Questions of DominancePosted: April 10, 2011
Today I step cautiously into the realm of the “Alpha Geek” and of team hierarchies, power and dominance behaviors amongst programmers.
Hierarchies, or the “Pecking Order“, are part of human social life just as they are a part of animal life. Any social hierarchy implies that there is dominance. Dominance is achieved through behavior. Gorillas beat their chest; chickens peck; grizzly bears stand on their hind legs.
I’ve never seen chest beating (literally) or pecking in a programming environment. But I’ve seen plenty of people stand up to exert authority and many other forms of dominance behavior.
So there is no confusion, it is not my objective to provide a how-to guide for dominant behaviour. This post is about recognizing dominant behavior and today we start with audience behavior at presentations.
Are You Aware?
A few years back I read an article titled “Are You Aware?” written by Robert Lucky. Lucky has written about engineering culture for 30 years through his bi-monthly Reflections column in IEEE Spectrum Magazine. His pieces are concise and are recommended reading. Dozens of his articles are available through his web site.
His article “”Are You Aware?” struck a chord because it described dominance behavior that I had witnessed many times and, to be honest, I had done some times myself.
Presenter gives a talk on <blah blah blah>
Q1: “Are you aware of the work on this subject by Professor John Blutarsky at Faber College in 1962?”
Q2: “Are you aware of <obscure references to work done in unfamiliar places by unknown people>?”
Q3: “Are you aware of …”
Lucky explains that he doesn’t recall a speaker responding simply “No”. That’s been my experience too. Instead, most speakers prevaricate in the face of these deliberately unanswerable questions. (Prevaricate: deliberately misstate or create an incorrect impression)
So, too often the questioner has scored a “win”. They have asserted their dominance over the speaker; the questioner feels intellectually superior; the speaker is often unbalanced; the audience has noticed.
The next time you’re in an audience for a technical talk, listen to the questions critically. How many are real questions, and how many are primarily in the category of “I’m a better engineer than you”?
Beyond Questions of Dominance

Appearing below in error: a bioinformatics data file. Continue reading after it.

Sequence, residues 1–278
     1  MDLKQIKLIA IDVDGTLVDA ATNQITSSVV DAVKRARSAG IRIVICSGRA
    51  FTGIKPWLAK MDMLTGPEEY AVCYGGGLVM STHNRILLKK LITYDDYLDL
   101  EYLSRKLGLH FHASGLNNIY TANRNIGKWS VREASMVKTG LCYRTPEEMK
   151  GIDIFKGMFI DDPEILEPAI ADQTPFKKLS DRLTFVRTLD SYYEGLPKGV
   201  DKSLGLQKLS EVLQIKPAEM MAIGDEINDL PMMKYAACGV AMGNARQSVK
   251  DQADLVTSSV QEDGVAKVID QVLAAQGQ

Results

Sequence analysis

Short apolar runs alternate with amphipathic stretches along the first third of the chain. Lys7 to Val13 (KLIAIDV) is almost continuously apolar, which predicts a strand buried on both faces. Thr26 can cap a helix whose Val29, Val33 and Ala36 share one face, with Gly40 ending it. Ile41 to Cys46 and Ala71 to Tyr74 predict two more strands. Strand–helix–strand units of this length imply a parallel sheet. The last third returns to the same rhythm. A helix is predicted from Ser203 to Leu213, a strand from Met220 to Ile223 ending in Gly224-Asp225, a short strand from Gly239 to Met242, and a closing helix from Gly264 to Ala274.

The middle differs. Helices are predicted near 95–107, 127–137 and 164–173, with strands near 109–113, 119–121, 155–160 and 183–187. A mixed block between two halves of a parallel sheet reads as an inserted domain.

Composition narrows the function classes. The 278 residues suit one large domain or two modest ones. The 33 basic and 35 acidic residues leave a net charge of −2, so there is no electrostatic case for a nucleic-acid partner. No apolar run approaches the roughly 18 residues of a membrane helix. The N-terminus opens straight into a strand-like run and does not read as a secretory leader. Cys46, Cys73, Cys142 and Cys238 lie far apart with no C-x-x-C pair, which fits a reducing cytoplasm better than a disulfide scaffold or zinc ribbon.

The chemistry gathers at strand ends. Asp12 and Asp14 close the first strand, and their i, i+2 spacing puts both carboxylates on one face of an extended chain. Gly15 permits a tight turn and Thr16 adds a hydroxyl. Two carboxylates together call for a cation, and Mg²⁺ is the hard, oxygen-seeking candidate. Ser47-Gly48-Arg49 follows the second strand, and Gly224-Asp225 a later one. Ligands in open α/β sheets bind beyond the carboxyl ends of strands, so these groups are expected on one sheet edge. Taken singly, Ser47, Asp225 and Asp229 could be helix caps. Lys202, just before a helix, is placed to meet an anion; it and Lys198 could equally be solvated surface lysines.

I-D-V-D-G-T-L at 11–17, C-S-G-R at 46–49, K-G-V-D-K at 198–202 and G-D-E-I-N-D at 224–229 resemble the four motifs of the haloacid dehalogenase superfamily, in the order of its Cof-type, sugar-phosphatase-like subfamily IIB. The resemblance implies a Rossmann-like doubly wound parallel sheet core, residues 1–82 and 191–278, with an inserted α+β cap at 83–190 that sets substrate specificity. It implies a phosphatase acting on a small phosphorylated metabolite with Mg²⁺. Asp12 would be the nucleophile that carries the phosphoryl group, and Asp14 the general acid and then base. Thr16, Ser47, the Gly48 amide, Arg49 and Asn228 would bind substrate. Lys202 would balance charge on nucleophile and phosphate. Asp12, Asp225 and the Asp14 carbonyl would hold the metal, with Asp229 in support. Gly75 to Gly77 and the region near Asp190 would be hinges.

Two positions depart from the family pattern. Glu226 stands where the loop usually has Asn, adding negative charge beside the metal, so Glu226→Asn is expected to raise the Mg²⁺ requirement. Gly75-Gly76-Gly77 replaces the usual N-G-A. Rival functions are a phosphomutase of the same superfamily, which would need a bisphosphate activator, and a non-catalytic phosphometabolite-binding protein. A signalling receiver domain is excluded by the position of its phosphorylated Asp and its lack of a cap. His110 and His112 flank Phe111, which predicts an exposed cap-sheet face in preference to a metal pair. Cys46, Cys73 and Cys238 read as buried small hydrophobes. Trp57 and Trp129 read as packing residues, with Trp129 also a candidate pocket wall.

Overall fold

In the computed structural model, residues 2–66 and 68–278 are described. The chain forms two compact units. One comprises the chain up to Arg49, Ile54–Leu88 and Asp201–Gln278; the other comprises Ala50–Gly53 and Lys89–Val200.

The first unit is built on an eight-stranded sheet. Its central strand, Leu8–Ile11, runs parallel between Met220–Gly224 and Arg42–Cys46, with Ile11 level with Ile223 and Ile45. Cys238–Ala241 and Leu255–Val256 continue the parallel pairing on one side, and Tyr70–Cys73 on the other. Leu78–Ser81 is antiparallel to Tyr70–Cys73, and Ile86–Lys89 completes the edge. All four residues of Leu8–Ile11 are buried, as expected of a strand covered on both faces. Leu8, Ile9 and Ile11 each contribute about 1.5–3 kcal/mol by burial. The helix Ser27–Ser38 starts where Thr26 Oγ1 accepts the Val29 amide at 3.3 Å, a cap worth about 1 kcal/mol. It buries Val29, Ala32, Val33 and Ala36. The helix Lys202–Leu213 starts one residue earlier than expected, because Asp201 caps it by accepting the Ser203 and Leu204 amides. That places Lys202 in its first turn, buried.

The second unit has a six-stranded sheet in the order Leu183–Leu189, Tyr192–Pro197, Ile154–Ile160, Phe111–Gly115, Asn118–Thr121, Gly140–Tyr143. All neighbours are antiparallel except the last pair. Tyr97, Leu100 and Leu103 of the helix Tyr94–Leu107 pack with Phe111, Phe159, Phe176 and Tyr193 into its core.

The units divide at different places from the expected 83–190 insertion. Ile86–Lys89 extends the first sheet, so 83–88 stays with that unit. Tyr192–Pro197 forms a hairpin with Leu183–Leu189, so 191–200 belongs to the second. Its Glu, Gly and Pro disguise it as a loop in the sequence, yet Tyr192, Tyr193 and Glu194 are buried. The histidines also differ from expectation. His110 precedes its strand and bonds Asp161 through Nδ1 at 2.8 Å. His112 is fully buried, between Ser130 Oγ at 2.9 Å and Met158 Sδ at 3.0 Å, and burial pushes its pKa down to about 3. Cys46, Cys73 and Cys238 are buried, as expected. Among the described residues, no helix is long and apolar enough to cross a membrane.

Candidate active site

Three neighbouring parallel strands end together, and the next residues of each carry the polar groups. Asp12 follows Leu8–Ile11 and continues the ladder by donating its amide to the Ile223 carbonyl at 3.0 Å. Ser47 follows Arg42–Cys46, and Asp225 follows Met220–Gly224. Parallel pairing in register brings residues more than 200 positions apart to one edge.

There are other dominance behaviors to look for in the audience. There are straight put-downs like “I disagree with ….” (frankly, they are often deserved). There are pedants who seek to undermine the speaker by picking on unimportant detail. There are attention-grabbing walk-outs. There are passive aggressive mutterers who take a quiet shot at the speaker — enough for a few people to hear but without the opportunity for the speaker to defend himself/herself.
For a series of stories about unsavoury audience participation in presentations read Hecklers And Twecklers At Technical Talks (especially the comments section). For example, there is a well-known story about the physicist Richard Feynman who performed a disruptive walk-out during a presentation followed by a genuinely apologetic walk-back.
Social media have brought new ways to engage in presentation; both constructive and destructive. Despite the corny jargon — Audience 2.0, Conference 2.0, Tweckling, back-channelling — there is great potential for this parallel communication. However, the speaker is not usually able to participate and respond effectively and that doesn’t seem fair to me. The new tools are still open to the downsides of internet discussion — bullying, flames, shooting the person while avoiding the message and worse.
Perhaps this is something we must accept because we cannot change it…
A fool can ask more questions in a minute than a wise person can answer in an hour.
My Favourite Presentation
There were no hecklers or dominant questions at the best presentation I have attended. There was no Powerpoint: only a projector and text on plastic.
Guy Steele, amongst many contributions to computer science, is a leader in the field of formalizing programming languages including important work on Scheme and Java. His writing is eloquent and his insights are wonderful.
Guy’s talk on “Growing a Language” was first delivered in 1998 and I believe he has reprised it several times since. The subject is the nature of programming language design. Should languages be large or small? What are the right primitives? What emerges is that he is an advocate of languages that are “designed to grow” with the growth propelled by the users of the language.
I will not spoil the clever language device he uses except to say it becomes clear early in the presentation.
The talk is a masterful performance that communicates a valuable insight. His approach playful and witty, it is engaging, and it is thought-provoking. Not by accident, Guy’s presentation has been influential.
Guy Steele, Growing a Language
You can also read a transcript of the talk.
A Closing Remark
Social organization is important to effective functioning of software teams. Software teams can have both documented and hidden hierarchies; hierarchies imply dominance; and dominance can have both positive and destructive effects. It is my experience that hierarchies and dominance exert a major influence not just on how people relate to each other but on software output, the motivation (or de-motivation) of team members, the way in which good and bad decisions are made.
Thus, I intend to write more about dominance and hierarchies. In the mean time I hope you find interest in the observation of audiences at presentations and that you can spare a few minutes to view the video of Guy’s talk.
Andrew H – Psygrammer